So in honour of Devilman's birthday, we ate at Moto tonight. Moto is of the (for lack of a better term) molecular gastronomy school of cooking, which, (at its most simplistic) means that the chefs use lots wacky scientific methods in their food prep--liquid nitrogen, foams, etc. Molecular gastronomy is the Science Fiction/Fantasy of Food. It's what they are serving on Fhloston Paradise, and on Risa, and I wouldn't be surprised if Paimon was in the kitchen right now frothing up some asparagus cotton candy foam and freezing peanut butter. When Drs. Frankenstein and Pretorius whip up a light midnight snack, that's what they are whipping.
The mothership of MG restaurants is El Bulli in Spain, but for some reason two of the most famous American offshoots are located in Chicago: Alinea and Moto.
Paul Witcover, Devilman and I ate at Alinea last summer, and it was some experience. After entering the restaurant through a secret sliding door, we left 20 courses, 15 wine tastings, and 4 hours later, shell-shocked and stuffed to the gills with mozzarella balloons, bacon and butterscotch (served dangling from a little wire), kobe beef with watermelon, among other culinary marvels.
Moto is a little more low-key than Alinea. Alinea is like a hushed temple, where cat-like ninjas perform a complicated ballet of shifting plates, wafting napkins, and whisking glasses. Moto's setting was much more standard up-scale restaurant, and while the servers were competent, they were not ninjas.
Famously, dinner at Moto starts with an edible menu, which is to say, the menu is printed out on rice paper and then affixed to a large cracker. After you have decided if you want 5,10 or 20 courses, you can eat the menu. It tastes like a cheesy rice cracker. We had the 10 courses, which sounds like a lot, but some of the courses are very tiny so you don't start to peter out until the very end. The coolest thing we were served, I think, was a sort of deconstructed sushi that was finished off with sesame oil that had been "cooked" in liquid nitrogen, which had the result of turning the oil into tiny little pellets. They were extremely cold, but normally when you put an extremely cold thing in your mouth it's also wet--icy--these seeds were icy cold and extremely dry, so it was a very odd, yet intriguing feeling. Another stand-out dish was o'opu (fish) served with buttered popcorn sauce, which, yes indeed was made with pureed buttered popcorn. Continuing the puree theme was graham cracker pudding which tasted exactly like liquefied Teddy Grahams.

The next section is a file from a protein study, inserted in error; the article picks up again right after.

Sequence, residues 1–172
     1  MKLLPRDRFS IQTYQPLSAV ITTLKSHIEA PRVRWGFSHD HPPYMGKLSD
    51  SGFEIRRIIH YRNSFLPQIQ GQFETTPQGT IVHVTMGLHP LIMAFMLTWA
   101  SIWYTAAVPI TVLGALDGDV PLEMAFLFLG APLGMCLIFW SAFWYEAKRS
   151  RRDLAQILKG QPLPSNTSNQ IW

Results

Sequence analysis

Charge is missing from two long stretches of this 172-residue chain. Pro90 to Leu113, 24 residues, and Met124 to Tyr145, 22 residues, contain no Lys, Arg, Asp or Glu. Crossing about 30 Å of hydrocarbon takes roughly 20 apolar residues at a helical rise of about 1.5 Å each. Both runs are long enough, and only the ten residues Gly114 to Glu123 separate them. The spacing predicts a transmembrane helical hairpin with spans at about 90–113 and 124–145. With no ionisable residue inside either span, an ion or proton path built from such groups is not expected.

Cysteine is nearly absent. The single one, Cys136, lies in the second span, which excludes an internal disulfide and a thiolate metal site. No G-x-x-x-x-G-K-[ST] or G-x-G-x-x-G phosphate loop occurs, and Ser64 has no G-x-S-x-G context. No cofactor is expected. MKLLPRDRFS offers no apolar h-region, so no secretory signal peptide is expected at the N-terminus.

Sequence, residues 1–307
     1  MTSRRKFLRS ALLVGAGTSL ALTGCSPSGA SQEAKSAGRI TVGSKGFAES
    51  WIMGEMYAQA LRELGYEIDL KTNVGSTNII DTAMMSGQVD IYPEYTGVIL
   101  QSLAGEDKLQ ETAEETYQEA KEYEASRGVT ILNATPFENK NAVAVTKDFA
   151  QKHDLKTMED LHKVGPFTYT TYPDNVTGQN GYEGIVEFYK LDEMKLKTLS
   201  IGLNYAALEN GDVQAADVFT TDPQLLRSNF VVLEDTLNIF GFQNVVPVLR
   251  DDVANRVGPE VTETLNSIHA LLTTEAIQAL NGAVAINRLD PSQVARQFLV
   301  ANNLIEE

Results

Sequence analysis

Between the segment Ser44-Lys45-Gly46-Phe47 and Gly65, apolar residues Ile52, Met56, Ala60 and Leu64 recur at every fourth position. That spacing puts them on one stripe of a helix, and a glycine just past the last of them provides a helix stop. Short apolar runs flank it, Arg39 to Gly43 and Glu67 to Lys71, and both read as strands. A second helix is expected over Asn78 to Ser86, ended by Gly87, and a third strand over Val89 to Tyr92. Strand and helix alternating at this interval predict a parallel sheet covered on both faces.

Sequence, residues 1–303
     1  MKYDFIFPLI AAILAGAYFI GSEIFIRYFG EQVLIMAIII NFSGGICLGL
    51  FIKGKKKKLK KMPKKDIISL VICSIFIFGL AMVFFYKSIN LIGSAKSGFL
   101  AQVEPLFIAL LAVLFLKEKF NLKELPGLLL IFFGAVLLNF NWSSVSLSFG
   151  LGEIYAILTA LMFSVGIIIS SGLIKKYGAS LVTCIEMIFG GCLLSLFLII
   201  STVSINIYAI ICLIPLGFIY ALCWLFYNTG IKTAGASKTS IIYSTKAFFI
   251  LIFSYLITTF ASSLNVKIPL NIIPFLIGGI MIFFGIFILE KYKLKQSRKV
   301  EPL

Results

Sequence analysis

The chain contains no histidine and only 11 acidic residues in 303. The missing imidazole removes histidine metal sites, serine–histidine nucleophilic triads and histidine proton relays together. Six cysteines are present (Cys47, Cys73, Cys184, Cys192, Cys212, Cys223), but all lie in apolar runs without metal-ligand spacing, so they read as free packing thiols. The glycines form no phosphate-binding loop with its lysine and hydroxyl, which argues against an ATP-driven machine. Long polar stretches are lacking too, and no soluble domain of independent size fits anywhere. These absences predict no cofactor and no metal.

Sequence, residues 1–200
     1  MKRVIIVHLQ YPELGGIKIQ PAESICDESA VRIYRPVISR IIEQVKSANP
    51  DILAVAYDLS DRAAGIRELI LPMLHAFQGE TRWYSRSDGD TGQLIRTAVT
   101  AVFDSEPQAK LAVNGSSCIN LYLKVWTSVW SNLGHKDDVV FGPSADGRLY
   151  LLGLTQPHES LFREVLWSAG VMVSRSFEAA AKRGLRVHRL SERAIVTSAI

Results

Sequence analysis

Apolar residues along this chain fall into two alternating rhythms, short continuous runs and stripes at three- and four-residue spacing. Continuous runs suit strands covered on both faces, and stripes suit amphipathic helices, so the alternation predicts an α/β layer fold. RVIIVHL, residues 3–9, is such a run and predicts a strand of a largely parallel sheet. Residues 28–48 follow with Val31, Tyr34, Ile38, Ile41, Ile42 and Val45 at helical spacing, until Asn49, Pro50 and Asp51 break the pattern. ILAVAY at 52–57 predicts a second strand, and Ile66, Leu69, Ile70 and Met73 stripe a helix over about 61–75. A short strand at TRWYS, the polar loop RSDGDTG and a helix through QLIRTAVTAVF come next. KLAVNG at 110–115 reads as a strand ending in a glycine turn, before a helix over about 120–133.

For a fuller explanation of Moto, I refer you to Veal Cheeks, who ate at Moto last fall, and (unlike me) took both notes and pictures.
My verdict: Moto was interesting, but some of the food was flash for flash-sake--interesting but not necessarily delicious. The chili nacho dessert, for example, looked exactly like nachos, but the jalapenos were really kiwi, and the sour cream creme frache, and the beef was chocolate. This looked very cool, but it didn't actually taste that great. Kiwi, chocolate, tortilla chips don't really go together. Alinea, on the other hand, had some truly revelatory dishes. Who knew that cocoa and watermelon would be a fabulous combination?
Devilman's Final Verdic: "Moto is to Alinea what McDonalds is to Culver's." Both are good at certain things, and have their strengths, but we like Culver's better.
And by that mean, I mean, we truly do like Culver's better. Asparagus foam and edible menus are fine and dandy once in a lifetime, but Culver's custard tastes delicious every day.